There is no need to shed crocodile tears for high income Minnesotans based on the above findings. As noted in a recent Minnesota 2020 Hindsight post, “The top one percent and the top five percent of all Minnesota households by income will continue to enjoy a state and local effective tax rate… that is less than that paid by any other income group in the state.” Such was the magnitude of regressivity in Minnesota’s state and local tax system going into the 2013 session that despite the progressive changes made in the new tax act, the overall system remains regressive.
But is it appropriate to exclude the tobacco tax increase from the other tax changes made in the 2013 tax act? Given that the tobacco tax changes will affect fewer than one in six Minnesotans, removing the tobacco tax changes gives a more representative picture of how the recently enacted tax changes will affect the vast majority of Minnesota households. In addition, the tobacco tax increase was a smart public policy move despite its regressivity. More on this when this series concludes next week.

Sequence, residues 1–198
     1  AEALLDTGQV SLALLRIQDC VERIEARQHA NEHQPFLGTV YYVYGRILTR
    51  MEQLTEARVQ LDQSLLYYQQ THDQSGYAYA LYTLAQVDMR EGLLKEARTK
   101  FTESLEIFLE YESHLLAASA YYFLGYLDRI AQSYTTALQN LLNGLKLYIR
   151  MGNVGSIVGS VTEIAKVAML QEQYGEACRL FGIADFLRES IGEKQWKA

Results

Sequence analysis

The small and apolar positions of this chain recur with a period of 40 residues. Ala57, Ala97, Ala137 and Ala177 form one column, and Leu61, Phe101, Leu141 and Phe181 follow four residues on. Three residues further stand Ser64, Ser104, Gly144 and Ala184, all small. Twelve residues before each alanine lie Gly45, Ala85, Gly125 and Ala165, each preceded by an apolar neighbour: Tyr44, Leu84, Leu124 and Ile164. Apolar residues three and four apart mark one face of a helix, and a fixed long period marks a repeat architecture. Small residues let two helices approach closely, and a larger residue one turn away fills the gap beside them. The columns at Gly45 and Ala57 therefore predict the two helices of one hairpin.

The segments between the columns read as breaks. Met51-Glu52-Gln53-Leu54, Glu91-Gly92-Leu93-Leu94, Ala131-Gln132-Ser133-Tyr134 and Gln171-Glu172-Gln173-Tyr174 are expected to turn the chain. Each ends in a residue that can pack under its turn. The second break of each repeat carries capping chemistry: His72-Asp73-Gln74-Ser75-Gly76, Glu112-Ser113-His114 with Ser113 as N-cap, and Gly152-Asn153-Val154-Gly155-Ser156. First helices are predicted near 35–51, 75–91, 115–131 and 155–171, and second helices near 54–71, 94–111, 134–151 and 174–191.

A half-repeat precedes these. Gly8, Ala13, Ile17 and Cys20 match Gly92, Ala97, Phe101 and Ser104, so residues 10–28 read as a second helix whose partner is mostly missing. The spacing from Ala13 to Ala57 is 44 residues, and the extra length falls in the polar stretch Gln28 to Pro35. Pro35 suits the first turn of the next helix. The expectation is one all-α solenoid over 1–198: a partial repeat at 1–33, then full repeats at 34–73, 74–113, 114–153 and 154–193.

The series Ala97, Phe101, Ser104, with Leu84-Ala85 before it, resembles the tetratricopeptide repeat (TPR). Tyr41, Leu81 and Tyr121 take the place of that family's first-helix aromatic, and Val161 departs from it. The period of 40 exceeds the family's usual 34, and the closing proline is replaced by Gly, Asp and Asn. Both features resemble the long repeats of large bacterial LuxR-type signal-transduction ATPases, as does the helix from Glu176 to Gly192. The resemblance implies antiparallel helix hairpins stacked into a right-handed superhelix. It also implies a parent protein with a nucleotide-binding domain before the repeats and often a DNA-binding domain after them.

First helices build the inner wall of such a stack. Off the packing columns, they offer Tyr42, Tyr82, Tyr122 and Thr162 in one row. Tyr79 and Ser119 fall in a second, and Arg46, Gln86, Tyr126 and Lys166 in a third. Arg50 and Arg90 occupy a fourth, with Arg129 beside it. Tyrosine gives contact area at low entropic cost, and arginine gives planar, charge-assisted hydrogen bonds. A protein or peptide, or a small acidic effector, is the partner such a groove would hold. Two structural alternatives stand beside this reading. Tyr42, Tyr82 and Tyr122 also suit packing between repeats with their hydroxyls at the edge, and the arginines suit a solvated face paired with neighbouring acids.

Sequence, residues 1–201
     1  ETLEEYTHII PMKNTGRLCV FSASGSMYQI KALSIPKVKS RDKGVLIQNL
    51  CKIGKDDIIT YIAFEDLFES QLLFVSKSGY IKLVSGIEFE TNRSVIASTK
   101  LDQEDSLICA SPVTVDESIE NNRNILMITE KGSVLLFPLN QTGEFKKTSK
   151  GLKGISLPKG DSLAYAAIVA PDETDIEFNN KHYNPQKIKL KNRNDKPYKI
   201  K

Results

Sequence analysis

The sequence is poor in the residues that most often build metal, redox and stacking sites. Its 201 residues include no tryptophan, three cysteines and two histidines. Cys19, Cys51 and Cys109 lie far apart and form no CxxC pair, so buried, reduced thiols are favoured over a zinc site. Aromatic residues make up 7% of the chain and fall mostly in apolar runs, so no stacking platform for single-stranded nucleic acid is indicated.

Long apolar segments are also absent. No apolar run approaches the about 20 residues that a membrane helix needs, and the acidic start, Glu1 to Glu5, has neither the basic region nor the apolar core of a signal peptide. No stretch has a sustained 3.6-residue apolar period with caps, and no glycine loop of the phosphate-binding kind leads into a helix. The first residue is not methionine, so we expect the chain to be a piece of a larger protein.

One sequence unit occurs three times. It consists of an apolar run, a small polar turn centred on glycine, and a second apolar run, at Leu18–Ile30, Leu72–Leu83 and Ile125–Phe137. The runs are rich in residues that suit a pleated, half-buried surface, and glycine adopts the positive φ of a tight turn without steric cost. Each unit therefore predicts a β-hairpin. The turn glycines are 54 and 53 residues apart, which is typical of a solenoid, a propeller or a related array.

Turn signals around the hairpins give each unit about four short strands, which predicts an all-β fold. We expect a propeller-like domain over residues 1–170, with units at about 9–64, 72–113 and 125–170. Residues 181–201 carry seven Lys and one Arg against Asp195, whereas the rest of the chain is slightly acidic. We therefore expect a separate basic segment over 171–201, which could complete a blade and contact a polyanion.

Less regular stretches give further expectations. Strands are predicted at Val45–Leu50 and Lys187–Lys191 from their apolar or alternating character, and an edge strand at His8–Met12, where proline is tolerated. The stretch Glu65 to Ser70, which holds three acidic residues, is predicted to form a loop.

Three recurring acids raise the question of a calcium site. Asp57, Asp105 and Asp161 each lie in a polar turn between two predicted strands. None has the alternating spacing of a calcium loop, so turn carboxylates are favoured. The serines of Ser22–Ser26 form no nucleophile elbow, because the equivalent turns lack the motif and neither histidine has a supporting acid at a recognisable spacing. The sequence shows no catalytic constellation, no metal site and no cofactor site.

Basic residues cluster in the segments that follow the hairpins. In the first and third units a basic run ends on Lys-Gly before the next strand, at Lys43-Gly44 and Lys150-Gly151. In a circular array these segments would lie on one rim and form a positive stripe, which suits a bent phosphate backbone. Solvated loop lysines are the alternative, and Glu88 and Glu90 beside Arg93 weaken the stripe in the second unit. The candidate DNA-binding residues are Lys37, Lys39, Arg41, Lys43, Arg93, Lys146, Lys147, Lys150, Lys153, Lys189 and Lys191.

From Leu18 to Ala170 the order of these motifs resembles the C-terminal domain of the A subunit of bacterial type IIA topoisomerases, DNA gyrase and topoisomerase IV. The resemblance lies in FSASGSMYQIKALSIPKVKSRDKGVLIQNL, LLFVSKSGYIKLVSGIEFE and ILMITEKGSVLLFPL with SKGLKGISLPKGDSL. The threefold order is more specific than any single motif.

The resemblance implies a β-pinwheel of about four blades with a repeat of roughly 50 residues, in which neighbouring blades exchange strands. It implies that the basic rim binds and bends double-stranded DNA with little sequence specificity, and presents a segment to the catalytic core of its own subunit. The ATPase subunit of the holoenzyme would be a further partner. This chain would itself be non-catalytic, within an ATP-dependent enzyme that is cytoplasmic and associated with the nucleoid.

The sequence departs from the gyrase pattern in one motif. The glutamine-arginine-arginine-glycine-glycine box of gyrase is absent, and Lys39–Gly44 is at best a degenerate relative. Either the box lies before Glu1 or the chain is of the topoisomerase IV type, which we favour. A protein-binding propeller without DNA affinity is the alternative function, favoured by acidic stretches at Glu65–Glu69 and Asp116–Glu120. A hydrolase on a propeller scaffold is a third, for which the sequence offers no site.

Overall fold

*A “population decile,” as used in the DOR incidence analysis, consisted of ten equal-sized groups, ranging from the 10 percent of the state’s households with the lowest incomes (the first or bottom decile) to the ten percent with the highest incomes (the tenth or top decile). The DOR incidence analysis of the 2013 tax act further breaks down the tenth decile into three parts: the bottom half of the tenth decile (the 90th to 95th percentile), the next 4 percent (the 95th to 99th percentile), and the top one percent.
†As used here, the term “tobacco tax increase” will refer to the cigarette and tobacco tax increases in the 2013 tax act. The cigarette and tobacco tax results presented in the DOR incidence analysis of the tax act includes a tax reduction resulting from an increase in the small brewers’ credit, which DOR staff characterized as negligible.
‡The average ETR change excluding tobacco taxes ranges from an average 0.09 percent reduction for the sixth decile (an average tax reduction of $48 per household per year) to an average 0.02 percent increase for the fourth decile (an average tax increase of $7 per household per year).